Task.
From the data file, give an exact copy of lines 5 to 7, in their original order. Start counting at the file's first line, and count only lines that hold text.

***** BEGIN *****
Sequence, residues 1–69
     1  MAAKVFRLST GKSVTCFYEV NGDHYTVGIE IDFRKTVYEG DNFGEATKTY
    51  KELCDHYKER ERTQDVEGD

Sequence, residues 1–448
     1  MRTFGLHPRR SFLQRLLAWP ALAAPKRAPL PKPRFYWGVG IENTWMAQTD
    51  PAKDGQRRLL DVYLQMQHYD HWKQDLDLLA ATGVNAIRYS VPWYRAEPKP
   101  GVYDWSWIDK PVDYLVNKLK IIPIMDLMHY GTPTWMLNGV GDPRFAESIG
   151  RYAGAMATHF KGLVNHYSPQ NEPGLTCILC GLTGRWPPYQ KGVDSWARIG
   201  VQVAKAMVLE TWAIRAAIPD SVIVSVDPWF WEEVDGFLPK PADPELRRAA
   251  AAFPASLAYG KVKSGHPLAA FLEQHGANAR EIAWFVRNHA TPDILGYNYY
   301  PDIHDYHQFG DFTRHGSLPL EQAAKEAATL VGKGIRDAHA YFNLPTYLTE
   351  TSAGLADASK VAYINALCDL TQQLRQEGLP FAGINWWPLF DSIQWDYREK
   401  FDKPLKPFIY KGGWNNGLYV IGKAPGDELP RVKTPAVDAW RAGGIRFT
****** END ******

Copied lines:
     1  MRTFGLHPRR SFLQRLLAWP ALAAPKRAPL PKPRFYWGVG IENTWMAQTD
    51  PAKDGQRRLL DVYLQMQHYD HWKQDLDLLA ATGVNAIRYS VPWYRAEPKP
   101  GVYDWSWIDK PVDYLVNKLK IIPIMDLMHY GTPTWMLNGV GDPRFAESIG